So last Saturday I did just that.  I went a bit off the beaten path to a place I have wanted to go for a few years now.  Its related to WWII and to Cryptography – and was incredibly interesting.  In fact, I had planned on a 2-3h visit and after over 5h I am sure did not see all there was to see.

So, where did I go?  To Bletchley Park which is a 45 minute train ride north of London.  What’s that you ask! It’s where the British, in WWII, cracked the German Enigma machine codes.  If you saw the 2014 movie “The Imitation Game” or are a history buff you know all about this.  If you have not seen the movie, I highly recommend it.

Here is “The Mansion” seen in many pictures of Bletchley Park and where some movie scenes were shot.


In the museum, they have quite a few Enigma machines.  If you thought your odd of winning the lottery are slim, consider this.  The possible combinations generated by this machine are of 158 Trillion – or 158 Million Millon! So defeating it was not a simple task, especially with 1940’s technology.


The man who was instrumental to this endeavor was Alan Turing, a mathematician.  Here is a statue of him made entirely of 500,000 small pieces of slate.  Amazing!



Turing’s genius was the design of the “Bombe”.  No, its not a “bomb”. The bombe was nickname for the device seen below that was used to ultimately defeat and crack the German Enigma codes.  The machine works (i’m over simplifying this …) with a series of rotors which are able to “find” the Enigma settings (which was the key to decrypting the German messages) much faster than any human can. The Bombe is recognized as being the first modern computer.  The Bombe seen below is a working recreation which took 13 years to make, since all of the ones built during the war were destroyed by the Government at the conclusion of WWII.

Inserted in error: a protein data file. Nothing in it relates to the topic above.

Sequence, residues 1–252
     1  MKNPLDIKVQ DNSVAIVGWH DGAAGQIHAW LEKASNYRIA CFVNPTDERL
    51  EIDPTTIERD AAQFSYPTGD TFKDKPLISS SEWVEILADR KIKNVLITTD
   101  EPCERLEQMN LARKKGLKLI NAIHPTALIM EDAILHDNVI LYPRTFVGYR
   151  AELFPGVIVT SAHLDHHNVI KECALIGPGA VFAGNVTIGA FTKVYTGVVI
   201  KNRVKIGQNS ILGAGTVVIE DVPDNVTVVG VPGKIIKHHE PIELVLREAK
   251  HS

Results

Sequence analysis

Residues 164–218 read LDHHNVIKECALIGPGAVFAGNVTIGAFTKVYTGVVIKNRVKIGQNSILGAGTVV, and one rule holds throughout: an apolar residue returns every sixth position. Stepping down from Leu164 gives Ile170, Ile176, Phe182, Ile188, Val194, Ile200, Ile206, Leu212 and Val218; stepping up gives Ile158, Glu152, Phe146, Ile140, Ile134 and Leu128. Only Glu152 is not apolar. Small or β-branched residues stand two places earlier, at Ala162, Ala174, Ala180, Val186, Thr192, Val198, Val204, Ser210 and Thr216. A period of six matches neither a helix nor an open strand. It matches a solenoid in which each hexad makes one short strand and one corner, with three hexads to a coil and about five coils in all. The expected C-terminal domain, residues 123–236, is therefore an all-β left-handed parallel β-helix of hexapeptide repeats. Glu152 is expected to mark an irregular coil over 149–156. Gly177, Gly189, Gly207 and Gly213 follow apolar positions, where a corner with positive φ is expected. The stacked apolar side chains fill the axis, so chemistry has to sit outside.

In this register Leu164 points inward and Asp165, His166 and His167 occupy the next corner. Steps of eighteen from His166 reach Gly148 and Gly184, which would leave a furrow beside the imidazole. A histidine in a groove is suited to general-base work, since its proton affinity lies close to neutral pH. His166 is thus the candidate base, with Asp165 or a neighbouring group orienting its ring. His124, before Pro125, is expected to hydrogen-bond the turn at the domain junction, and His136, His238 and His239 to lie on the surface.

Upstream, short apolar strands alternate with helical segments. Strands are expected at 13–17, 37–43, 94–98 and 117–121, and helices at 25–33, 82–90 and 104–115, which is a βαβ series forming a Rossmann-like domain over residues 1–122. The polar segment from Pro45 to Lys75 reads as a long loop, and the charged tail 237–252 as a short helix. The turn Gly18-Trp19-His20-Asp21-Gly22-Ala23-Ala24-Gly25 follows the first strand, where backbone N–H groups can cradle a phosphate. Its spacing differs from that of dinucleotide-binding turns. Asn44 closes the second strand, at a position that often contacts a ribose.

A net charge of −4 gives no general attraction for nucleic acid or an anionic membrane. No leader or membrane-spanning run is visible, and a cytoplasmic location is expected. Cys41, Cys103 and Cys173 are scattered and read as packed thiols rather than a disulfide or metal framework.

In one of the “huts”, essentially very rudimentary office buildings, was Alan Turing’s office.


My friend David and I in Turing’s office.  David is a former work colleague in Cayman. I met up with him at the train station in London and spent a lovely day visiting the exhibits with him.  It was great to spend a bit of time in Turing’s office – rich in history.  It’s widely accepted by historians that Turing’s accomplishments (and others on his team) shortened the war by approximately 2-years and saved over 14M lives.


As a final picture.  If you have seen the movie, this is the bar which can be seen in a few scenes, notably in the “eureka” moment – the best part of the movie.


If you want to know more, below are some some links for additional reading and a link to the museum should you wish to visit the next time you are in London.  I highly recommend visiting Bletchley Park – plan to spend the day; there is much to see and learn.

Alan Turing

The Bombe

Bletchley Park Museum

I recently had the opportunity to go to Amsterdam for business.  Amsterdam is a city I had never visited and was quite pleased to be able to go to.  Now that I have been, I can say its a great place to visit; very “Old Europe”.